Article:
The Splintered Empires: The Eastern Front 1917–21, by Prit Buttar, Osprey Publishing, Oxford, U.K., 2016, $30
Although it is de rigueur to complain that historians give short shrift to fighting on the World War I Eastern Front, big leaguers from Winston Churchill to John Keegan have paid attention. The definitive account, however, concludes with this final volume of four (stretching nearly 2,000 pages) by talented amateur military historian Prit Buttar.
In his insightful summary of the war before 1917 Buttar emphasizes that armies on both fronts employed trench warfare and the latest weapons. What differed were infrastructure and the quality of leadership. Roads were scarce in the East, and efforts to supply the massive armies via the few existing primitive railroads proved overwhelming. Soldiers went hungry; shells were rationed. The Russian and Austro-Hungarian armies of 1914 had minimal training and were poorly led. By 1917 they had absorbed horrendous casualties. Hurried replacements were essentially untrained. The German army was an exception, but pushing deeper into Russia brought victory no closer.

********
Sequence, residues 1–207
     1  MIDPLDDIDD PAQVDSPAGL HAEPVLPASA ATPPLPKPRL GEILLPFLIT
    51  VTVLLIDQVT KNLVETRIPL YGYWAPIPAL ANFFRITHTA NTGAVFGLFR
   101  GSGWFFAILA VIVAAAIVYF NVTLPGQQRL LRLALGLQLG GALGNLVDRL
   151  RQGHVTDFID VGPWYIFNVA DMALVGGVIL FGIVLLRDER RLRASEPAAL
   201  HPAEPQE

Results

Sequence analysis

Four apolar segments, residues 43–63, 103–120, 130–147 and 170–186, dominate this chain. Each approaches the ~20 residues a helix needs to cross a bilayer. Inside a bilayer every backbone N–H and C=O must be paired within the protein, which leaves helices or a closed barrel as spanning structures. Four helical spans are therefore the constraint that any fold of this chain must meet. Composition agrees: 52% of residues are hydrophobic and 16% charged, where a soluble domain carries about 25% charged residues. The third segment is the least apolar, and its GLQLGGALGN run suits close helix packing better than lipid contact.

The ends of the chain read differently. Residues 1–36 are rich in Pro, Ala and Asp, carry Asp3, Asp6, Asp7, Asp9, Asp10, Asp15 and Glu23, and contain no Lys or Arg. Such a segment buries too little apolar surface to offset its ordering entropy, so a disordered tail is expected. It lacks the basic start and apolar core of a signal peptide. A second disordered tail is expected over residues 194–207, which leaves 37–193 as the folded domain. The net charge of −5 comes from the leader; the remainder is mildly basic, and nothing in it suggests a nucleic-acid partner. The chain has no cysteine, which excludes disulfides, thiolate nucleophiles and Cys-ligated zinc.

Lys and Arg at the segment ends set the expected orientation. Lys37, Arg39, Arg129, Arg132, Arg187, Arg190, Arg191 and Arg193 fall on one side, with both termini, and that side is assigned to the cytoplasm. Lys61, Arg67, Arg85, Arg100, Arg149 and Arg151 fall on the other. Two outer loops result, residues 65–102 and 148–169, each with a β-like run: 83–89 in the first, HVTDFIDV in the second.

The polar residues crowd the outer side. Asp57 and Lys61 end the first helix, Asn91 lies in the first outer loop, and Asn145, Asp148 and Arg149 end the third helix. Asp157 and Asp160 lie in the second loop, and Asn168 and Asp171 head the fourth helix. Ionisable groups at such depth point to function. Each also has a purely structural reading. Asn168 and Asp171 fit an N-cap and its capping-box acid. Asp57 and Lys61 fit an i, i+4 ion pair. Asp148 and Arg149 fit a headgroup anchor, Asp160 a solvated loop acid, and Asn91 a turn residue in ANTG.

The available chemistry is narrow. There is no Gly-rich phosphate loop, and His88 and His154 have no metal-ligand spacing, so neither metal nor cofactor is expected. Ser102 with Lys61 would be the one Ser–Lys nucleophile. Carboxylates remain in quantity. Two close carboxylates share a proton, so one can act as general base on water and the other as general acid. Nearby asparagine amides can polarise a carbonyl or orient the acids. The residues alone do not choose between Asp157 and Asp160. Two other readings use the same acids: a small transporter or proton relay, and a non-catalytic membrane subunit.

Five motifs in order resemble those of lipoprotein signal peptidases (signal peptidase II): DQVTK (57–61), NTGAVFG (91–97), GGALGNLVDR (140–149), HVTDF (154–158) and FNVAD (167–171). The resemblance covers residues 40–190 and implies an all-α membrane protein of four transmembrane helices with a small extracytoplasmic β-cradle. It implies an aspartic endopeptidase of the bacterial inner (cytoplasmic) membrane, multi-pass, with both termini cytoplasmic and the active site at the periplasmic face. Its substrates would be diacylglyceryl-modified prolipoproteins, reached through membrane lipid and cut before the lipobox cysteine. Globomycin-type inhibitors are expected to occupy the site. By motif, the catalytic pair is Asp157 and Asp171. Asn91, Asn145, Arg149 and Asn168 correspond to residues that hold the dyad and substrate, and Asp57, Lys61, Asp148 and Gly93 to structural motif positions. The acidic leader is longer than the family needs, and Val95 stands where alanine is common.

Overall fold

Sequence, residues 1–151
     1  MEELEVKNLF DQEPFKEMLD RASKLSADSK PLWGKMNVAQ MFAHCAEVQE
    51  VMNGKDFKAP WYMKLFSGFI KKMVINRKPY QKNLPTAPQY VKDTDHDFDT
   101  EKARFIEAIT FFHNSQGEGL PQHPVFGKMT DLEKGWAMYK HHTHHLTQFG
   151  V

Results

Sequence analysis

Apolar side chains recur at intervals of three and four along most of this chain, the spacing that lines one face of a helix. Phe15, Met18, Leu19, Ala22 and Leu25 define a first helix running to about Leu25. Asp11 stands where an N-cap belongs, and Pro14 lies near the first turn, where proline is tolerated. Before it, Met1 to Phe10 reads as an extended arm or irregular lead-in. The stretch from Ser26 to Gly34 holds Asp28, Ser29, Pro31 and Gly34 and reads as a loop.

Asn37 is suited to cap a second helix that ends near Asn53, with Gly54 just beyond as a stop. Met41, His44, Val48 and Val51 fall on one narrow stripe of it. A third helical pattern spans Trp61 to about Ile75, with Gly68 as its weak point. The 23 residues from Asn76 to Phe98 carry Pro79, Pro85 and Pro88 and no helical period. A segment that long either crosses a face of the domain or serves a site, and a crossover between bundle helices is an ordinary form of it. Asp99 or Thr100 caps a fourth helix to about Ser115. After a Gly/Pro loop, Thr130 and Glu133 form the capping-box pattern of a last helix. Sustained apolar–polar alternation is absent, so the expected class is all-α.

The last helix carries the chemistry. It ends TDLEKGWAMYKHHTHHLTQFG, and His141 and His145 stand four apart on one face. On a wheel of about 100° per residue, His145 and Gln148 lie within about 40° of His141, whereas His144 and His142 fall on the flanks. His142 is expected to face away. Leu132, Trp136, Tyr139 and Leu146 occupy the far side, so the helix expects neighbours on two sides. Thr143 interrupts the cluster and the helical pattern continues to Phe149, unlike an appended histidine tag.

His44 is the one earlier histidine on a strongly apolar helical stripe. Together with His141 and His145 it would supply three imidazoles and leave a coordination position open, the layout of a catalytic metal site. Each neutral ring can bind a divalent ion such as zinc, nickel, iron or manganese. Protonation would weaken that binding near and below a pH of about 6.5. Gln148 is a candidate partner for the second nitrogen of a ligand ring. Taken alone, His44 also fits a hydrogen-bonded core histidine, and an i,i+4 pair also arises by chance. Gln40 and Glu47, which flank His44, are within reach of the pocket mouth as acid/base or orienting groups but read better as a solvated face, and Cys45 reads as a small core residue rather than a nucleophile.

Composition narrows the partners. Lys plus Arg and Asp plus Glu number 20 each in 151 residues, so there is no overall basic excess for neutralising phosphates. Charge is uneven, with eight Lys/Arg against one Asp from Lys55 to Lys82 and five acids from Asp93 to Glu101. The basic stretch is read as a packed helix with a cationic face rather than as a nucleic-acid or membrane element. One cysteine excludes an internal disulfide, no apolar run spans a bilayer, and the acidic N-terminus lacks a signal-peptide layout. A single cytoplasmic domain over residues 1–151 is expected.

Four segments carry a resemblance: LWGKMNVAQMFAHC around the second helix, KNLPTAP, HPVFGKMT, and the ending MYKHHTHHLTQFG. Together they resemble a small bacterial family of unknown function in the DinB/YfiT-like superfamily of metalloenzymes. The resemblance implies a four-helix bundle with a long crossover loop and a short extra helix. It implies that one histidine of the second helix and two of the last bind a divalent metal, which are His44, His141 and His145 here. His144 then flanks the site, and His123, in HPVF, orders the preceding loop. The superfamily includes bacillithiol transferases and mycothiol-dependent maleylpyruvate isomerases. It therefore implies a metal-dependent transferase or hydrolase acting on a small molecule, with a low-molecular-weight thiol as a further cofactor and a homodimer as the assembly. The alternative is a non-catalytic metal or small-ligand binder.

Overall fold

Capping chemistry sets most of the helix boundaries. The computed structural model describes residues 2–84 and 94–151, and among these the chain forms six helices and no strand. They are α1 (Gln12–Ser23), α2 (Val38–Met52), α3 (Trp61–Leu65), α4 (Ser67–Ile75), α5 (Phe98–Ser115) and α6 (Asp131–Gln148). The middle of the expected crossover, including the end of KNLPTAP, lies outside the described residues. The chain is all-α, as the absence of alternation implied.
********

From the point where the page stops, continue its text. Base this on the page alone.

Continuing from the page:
With the possible exception of the oblivious Czar Nicholas II, Russian leaders at the beginning of 1917 knew revolution was imminent. Riots in Petrograd spread, army units refused to intervene and Nicholas abdicated in March. The provisional government, a quarrelsome mixture of liberal reformers and radicals from the Petrograd workers’ Soviet, failed to restore order, and the October Bolshevik revolution didn’t improve matters.
Historians have not neglected the brutal Russian Civil War, which sputtered on for years after the 1918 Armistice. Buttar devotes a chapter to it, though he focuses mainly on the many nasty little-known wars that accompanied the breakup of the Russian and Austro-Hungarian empires. Anti-Bolshevik forces lost in Russia but won in Finland, Estonia, Latvia and Ukraine. Nearing victory at home, the Red Army fought a major war with newly independent Poland. Its unexpected defeat in 1920 ensured the survival of Poland and Lithuania and put an end—at least temporarily—to Vladimir Lenin’s fantasy of spreading communism to Europe.
Buttar’s expert, often gruesome account of events in the region illuminates an era of conflict, mass murder, famine and genocide that remains relatively obscure only because it was followed by worse.